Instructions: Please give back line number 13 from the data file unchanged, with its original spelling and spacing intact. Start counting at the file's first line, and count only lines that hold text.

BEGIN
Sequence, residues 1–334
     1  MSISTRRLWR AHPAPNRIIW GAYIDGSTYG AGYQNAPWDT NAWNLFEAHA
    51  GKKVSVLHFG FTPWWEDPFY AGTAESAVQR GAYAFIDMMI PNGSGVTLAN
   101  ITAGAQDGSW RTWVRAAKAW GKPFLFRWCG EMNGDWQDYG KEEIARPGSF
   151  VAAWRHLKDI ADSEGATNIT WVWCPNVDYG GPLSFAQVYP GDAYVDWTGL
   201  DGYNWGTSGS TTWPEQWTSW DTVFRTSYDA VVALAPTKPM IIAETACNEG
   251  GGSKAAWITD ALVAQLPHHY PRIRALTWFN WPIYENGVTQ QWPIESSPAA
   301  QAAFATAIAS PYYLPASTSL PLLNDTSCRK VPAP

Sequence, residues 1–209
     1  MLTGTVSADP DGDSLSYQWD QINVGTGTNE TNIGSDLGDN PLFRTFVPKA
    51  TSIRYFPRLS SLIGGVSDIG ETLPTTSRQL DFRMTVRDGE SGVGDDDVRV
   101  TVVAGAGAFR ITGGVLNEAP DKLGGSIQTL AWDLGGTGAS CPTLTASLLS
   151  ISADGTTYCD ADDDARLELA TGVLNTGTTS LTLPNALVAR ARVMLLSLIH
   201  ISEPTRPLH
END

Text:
   151  ISADGTTYCD ADDDARLELA TGVLNTGTTS LTLPNALVAR ARVMLLSLIH